FareShare, a UK charity has worked with supermarkets such as Tesco and Asda to redistribute unsold food around 995 towns and cities, providing 21.9m meals per year and feeding 499, 190 people a week. On a smaller scale many businesses and cafes have adopted using ‘food waste’ to feed others including The Real Junk Food Project which has a zero waste ‘antisupermarket’ and Pay As You Feel Café’s in the UK, Europe and Australia that receive food from unconventional sources such as allotments, restaurants, conferences and even food photographers. There’s even Toast Ale, a profit-donated beer made from donated surplus bread with a slice of bread used for each bottle of beer!



Household Waste

However, it is easy to shift the blame to supermarkets and wholesales yet they only generated 0.2 million tonnes of food waste in 2015 instead contributing to the 0.7 million tonnes of surplus redistributed charities businesses and animal feed. In fact, households are responsible for nearly 50% of the 7million tonnes of food thrown away in the UK, more than half of which could have been consumed. Although access to services to reduce food has risen, household waste increased by 2.9% in 2014 and overall there were respectively no statistically significant changes between 2012 and 2015.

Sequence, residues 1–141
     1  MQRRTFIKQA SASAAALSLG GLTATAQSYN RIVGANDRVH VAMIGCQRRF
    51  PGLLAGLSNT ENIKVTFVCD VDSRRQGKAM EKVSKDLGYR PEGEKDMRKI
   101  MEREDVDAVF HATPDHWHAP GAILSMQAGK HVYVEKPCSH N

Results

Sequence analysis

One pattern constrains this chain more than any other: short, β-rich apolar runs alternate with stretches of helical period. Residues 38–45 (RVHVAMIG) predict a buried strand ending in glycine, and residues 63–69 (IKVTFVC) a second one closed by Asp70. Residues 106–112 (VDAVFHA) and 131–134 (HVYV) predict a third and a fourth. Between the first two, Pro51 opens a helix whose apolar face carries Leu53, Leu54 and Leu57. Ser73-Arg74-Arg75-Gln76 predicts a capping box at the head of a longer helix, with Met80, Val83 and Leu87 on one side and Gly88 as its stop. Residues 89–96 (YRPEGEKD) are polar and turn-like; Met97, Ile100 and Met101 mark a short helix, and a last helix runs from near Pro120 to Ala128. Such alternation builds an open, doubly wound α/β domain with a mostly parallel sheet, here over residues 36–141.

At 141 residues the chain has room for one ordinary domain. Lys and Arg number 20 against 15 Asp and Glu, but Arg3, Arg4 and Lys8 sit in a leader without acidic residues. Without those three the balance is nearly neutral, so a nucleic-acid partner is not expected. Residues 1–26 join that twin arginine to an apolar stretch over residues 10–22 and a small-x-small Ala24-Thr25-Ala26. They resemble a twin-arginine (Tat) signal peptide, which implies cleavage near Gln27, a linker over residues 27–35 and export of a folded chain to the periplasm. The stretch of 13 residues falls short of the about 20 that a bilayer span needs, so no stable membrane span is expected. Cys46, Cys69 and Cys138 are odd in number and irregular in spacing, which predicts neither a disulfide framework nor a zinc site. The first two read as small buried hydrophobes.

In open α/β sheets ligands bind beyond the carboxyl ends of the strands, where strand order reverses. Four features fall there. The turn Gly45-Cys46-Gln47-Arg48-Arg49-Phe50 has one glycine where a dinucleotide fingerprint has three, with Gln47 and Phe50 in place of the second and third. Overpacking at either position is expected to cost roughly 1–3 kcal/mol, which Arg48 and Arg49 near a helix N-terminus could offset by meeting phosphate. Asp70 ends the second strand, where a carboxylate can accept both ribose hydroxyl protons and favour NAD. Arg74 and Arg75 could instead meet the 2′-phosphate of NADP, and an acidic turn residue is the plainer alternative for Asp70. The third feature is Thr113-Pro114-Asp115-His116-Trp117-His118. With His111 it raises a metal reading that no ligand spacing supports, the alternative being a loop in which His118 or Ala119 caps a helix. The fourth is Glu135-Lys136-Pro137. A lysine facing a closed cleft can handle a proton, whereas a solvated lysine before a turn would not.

Source (2015)

One of the largest wasted food groups is fresh fruit, vegetables and salads which account for 25% of avoidable food waste and could provide 13 billion ‘5 a day’ portions and help lower income groups who only buy on average 3 per person and reduce obesity of which the UK has the highest rate in western Europe.

It is therefore the responsibility of each of us to reduce our household waste, primarily by cooking correct portion sizes and using food before it is spoiled; two main reasons for household waste. LoveFoodHateWaste promote easy lifestyle changes that could save households £470-£700 a year and have the same impact as taking 1 in 4 cars from the road!

So why not buy wonky veg, reduce your household waste, or even live a zero waste life like Lauren Singer  and Rob greenfield!

Ultimately though as the Just Eat It campaign states: